The ALJ's initial decision to suppress the evidence gathered by the OSHA inspectors was grounded in his finding that the ex parte administrative warrant was not authorized by OSHA regulations. In reversing, the Review Commission declined to follow Huffines. Relying on its own reading of the OSHA regulations and the Fourth Amendment, it determined that ex parte warrants could be validly issued under the regulations effective when the challenged warrant was issued. This "holding" was directly contrary to Huffines and it cannot stand.
In Huffines, we held that OSHA regulations then in effect did not authorize the Secretary to seek an ex parte warrant, but we never suggested that ex parte warrants are per se invalid under the Fourth Amendment. Consequently, as the question there and here entailed interpreting the OSHA regulations rather than the Fourth Amendment, the Commission may well have concluded that its special expertise in defining these regulations, an expertise often deferred to by this court, allowed it an interpretive escape from Huffines. See Secretary of Labor v. Davis Metal Stamping, Inc., 10 BNA OSHC 1741 (1982). Regardless, final authority to interpret both these regulations and their underlying statute rests with the courts. In plain language, deference by this court to the Review Commission is discretionary, but deference by the Review Commission to this court is obligatory.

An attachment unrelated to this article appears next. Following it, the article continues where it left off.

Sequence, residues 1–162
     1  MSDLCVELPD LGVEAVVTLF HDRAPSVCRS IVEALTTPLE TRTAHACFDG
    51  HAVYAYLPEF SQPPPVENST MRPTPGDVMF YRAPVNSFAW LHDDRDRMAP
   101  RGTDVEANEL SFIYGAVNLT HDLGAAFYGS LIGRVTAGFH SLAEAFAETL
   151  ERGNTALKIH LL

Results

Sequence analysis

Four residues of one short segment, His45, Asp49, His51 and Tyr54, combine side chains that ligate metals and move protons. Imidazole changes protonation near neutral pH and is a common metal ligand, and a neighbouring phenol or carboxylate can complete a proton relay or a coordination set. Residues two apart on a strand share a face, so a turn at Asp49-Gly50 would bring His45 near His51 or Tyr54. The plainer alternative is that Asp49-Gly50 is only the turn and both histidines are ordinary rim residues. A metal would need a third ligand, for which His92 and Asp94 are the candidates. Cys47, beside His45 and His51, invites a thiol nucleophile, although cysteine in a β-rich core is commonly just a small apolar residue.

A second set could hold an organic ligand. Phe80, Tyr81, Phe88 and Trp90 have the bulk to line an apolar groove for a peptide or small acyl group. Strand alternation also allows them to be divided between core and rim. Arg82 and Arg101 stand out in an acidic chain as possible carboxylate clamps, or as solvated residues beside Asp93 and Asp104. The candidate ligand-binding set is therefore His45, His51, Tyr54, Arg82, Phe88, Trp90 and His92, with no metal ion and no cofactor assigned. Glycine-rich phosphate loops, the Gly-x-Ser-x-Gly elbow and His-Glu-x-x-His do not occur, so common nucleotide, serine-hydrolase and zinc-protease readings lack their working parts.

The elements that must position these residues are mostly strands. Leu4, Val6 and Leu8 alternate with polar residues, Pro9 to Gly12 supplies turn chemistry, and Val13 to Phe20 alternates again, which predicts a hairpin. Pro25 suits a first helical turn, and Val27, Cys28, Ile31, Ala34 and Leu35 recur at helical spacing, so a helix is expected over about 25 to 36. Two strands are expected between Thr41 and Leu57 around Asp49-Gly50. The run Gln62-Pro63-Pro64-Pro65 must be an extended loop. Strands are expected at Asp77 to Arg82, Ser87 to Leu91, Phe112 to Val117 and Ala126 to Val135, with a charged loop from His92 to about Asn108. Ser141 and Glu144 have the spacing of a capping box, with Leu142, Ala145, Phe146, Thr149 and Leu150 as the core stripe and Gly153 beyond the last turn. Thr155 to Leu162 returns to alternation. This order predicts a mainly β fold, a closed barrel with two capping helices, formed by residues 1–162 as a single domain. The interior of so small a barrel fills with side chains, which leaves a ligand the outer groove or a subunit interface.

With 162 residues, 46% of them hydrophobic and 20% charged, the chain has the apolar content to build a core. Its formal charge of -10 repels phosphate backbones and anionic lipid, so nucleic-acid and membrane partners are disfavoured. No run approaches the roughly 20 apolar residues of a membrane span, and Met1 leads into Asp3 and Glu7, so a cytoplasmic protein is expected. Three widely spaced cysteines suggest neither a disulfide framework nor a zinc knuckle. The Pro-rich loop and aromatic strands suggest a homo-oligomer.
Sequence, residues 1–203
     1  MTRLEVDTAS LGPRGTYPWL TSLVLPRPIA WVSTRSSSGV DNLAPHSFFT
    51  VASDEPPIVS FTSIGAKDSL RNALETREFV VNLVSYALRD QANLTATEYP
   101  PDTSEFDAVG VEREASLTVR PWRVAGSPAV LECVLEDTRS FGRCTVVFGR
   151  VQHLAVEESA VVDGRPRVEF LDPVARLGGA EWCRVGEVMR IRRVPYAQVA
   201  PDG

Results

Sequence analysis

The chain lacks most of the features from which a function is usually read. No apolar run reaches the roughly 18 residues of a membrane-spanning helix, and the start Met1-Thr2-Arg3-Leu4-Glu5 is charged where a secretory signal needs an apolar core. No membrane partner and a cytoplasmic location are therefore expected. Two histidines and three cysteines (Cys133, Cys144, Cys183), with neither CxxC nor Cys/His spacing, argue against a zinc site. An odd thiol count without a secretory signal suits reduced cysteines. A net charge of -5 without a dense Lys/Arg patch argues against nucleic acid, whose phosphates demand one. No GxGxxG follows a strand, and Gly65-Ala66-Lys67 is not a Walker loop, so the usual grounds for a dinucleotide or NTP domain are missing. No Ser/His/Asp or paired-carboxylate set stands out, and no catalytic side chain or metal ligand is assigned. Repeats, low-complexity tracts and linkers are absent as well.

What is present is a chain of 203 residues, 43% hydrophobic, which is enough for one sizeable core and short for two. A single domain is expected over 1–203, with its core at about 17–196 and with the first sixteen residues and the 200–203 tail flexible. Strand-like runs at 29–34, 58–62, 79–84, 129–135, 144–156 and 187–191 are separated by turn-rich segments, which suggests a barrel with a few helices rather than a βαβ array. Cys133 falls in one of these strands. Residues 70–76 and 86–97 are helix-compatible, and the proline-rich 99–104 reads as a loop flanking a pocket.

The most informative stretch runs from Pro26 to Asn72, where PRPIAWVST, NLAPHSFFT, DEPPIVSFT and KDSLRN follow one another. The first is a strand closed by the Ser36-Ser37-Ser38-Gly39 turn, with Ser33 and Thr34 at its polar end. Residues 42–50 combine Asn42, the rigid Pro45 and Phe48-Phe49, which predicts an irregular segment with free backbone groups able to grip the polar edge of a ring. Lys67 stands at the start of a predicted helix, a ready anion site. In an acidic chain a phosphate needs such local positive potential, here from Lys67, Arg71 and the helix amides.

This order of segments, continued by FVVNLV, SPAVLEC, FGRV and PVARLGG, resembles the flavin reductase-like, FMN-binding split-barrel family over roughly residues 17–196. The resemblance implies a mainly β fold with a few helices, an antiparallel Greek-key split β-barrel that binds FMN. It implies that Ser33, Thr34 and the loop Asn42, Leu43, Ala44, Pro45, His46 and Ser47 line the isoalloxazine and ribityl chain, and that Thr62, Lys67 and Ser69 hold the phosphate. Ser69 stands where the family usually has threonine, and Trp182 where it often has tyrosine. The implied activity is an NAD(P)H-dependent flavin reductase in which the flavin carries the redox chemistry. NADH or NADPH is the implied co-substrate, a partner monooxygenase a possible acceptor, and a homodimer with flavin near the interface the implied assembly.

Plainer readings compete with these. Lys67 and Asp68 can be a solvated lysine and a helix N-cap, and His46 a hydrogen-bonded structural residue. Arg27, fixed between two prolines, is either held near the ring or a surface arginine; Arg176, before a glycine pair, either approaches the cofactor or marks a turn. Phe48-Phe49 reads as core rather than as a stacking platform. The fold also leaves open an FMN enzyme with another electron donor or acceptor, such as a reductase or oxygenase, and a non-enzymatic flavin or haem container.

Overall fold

In cases arising in other circuits, the Commission may adhere to its interpretation of OSHA regulations. Once, however, a court of appeals has held that ex parte warrants are invalid, the Review Commission may no longer apply its own contrary reading of the regulations to cases arising within that circuit. See N.L.R.B. v. Gibson Products Co. of Washington Parish, La., Inc., 494 F.2d 762, 766 (5th Cir.1974); Accord, Jones & Laughlin Steel Corp. v. Marshall, 636 F.2d 32 (3d Cir.1980); see also, Lopez v. Heckler, 713 F.2d 1432, 1438 (9th Cir.1983) and cases cited there. A holding by a court of appeals on a legal question is binding on the Review Commission in all cases arising within that circuit until and unless the court of appeals or the Supreme Court overturns that holding, a decision that may be sought by the Secretary in any appropriate case.